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Maj. Gen. Daniel O'Donohue, 1st Marine Division Commanding General, speaks to the crowd during 2nd Battalion, 7th Marine Regiments change of command ceremony at Lance Cpl. Torrey L. Gray Field aboard Marine Corps Air Ground Combat Center Twentynine Palms, Calif., Dec. 15, 2016. Lt. Col. Christopher T. Steele relinquished command of 2/7 to Lt. Col. Jonathan Q. Kenney. (Official Marine Corps Photo by Cpl. Julio McGraw/Released)

Photo by Cpl. Julio McGraw

'Havoc' welcomes new commander

22 Dec 2016 | Cpl. Julio McGraw Marine Corps Air Ground Combat Center Twentynine Palms

Marines of 2nd Battalion, 7th Marine Regiment, call sign “Havoc”, bid farewell to their commanding officer during the battalion’s change of command ceremony at Lance Cpl. Torrey L. Gray Field, Dec. 15, 2016. Lt. Col. Christopher T. Steele relinquished command of 2/7 to Lt. Col. Jonathan Q. Kenny.

Steele assumed command of the ‘War Dogs’ in June 2015 and led the battalion through its participation in Special Purpose- Marine Air Ground Task Force-Crisis Response in support of operations in the Central Command area of operations.

“The Marines and sailors have been magnificently trained by Lt. Col. Steele,” said Maj. Gen. Daniel O'Donohue, 1st Marine Division Commanding General. “That warrior’s heart that was seen in Guadalcanal, Inchon, Operation Iraqi Freedom and Operation Enduring Freedom still lives on today in these Marines. I only have two words for [Steele] and those are well done.”

During Steele’s command he led his Marines through countless service level training exercises including Integrated Training Exercise and the Marine Corps Readiness Evaluation Exercise, he also joined the battalion in celebrating its 75th anniversary in January 2016.

“I had a unique opportunity to lead the battalion and for the anniversary, it was a time for us to take a knee and recognize what the Marines and sailors have done in the past 75 years.” Steele said. “In doing that as a team, we came to realize what we do for the nation and what we do to continue the legacy that has been provided by the Marines that came before us; which is one of victory.”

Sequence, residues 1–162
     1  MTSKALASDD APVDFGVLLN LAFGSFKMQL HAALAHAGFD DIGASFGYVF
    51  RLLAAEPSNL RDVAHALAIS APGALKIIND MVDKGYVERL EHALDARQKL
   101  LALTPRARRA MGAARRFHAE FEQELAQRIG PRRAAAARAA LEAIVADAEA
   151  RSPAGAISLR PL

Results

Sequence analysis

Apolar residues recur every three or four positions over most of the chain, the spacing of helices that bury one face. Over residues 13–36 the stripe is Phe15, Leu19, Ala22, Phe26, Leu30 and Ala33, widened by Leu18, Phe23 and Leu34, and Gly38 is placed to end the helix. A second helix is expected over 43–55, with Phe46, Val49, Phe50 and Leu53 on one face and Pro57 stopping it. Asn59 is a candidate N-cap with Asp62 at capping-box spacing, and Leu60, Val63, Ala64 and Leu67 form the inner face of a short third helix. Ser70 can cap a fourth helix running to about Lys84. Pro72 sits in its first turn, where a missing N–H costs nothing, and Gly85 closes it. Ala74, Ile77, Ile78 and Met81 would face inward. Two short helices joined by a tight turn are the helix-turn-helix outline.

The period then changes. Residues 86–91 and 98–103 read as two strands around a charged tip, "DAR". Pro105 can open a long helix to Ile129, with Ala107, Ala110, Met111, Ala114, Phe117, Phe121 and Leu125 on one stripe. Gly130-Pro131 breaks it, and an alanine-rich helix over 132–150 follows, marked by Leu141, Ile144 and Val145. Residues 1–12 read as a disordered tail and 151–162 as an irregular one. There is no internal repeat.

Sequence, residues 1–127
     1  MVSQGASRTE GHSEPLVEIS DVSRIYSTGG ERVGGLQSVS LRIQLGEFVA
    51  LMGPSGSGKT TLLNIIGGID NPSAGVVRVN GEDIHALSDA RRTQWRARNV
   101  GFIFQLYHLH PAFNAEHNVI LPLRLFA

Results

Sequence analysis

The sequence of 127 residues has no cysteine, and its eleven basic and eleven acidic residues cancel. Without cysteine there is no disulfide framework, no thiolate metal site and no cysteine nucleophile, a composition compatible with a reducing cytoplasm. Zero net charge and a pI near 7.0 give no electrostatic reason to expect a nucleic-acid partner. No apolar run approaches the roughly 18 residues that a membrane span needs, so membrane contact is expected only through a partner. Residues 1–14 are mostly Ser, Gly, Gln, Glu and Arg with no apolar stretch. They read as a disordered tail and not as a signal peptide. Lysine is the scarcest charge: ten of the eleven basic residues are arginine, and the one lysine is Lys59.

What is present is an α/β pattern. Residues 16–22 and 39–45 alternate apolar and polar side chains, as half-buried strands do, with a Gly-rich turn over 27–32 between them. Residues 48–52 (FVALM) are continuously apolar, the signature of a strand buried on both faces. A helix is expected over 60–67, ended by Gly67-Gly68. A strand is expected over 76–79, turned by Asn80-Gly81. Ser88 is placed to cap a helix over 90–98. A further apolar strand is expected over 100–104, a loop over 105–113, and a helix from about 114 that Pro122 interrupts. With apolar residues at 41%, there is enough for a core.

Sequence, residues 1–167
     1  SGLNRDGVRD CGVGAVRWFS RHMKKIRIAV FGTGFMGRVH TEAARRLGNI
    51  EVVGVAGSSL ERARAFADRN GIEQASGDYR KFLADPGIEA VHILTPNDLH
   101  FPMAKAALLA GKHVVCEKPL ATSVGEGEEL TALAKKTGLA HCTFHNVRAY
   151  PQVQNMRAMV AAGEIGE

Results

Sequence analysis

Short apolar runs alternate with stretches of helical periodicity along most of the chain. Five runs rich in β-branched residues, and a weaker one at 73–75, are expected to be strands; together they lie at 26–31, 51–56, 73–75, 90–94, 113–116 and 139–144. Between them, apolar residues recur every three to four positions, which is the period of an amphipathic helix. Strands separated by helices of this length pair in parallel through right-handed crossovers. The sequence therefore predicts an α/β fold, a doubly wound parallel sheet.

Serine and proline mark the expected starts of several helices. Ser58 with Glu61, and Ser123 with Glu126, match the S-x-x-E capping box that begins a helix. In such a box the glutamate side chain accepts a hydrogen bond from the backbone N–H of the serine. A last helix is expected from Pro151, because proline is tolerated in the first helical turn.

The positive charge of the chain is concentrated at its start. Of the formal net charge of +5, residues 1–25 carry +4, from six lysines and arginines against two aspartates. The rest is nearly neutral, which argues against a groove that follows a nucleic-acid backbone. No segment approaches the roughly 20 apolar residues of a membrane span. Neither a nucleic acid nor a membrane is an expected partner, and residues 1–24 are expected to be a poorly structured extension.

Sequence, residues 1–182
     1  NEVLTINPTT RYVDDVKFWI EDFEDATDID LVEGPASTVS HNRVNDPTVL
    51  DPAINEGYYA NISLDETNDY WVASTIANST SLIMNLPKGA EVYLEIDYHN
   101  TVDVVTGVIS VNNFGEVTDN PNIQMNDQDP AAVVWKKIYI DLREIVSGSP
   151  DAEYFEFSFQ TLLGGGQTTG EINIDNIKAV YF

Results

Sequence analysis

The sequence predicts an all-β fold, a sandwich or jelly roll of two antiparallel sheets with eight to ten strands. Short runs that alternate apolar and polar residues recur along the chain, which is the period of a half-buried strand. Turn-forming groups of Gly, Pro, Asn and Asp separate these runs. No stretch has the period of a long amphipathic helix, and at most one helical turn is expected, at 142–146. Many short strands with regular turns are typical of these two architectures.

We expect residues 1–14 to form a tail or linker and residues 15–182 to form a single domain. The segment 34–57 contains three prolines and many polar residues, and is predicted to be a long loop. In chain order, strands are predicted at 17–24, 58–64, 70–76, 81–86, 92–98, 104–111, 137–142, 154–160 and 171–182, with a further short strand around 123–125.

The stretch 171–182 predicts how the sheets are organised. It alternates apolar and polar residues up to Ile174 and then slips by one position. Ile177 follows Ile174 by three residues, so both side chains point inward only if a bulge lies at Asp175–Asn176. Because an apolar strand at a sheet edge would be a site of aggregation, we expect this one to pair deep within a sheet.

Five formations, representing each company of 2/7, stood with rifles, ceremoniously demonstrating how Marines formed for battle in years past. Throughout all ranks, Steele’s leadership resonated with the Marines.

“I want to thank him for the way he led and the way he treated us,” said Lance Cpl. Dominick Miller, rifleman, Company G, 2/7. “A lot of us appreciated how he handled his business and how he came and talked to us junior enlisted and squad leaders and genuinely cared about what we had to say. He is a great leader and we are going to miss him.”

During the ceremony, the transfer of the battalion colors, symbolizing the transfer of responsibility and authority of 2/7, was performed by the outgoing and incoming battalion commanders. As Steele moves on to serve with 7th Marine Regiment, he leaves the ‘War Dogs’ with parting words.

“I want them to take away the respect that I have for them and how they accomplished every mission that they were assigned,” Steele said. “I also asked them to remember the fundamental reason why infantry battalions exist in the Marine Corps; and that is to fight and win with what we carry on our backs regardless of circumstances.”

Kenney, who most recently served as the leader of the Commanders Action Group during his time with Marine Corps Tactics and Operations Group, reminds his Marines about what lies ahead.

“It’s humbling to take command of a unit with so much history and it’s important to remember that we need to be ready for whatever comes our way,” said Kenney. “There is a lot of uncertainty that exists in the world today, but we will be “Ready for all and yielding to none.”

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Marine Corps Air Ground Combat Center Twentynine Palms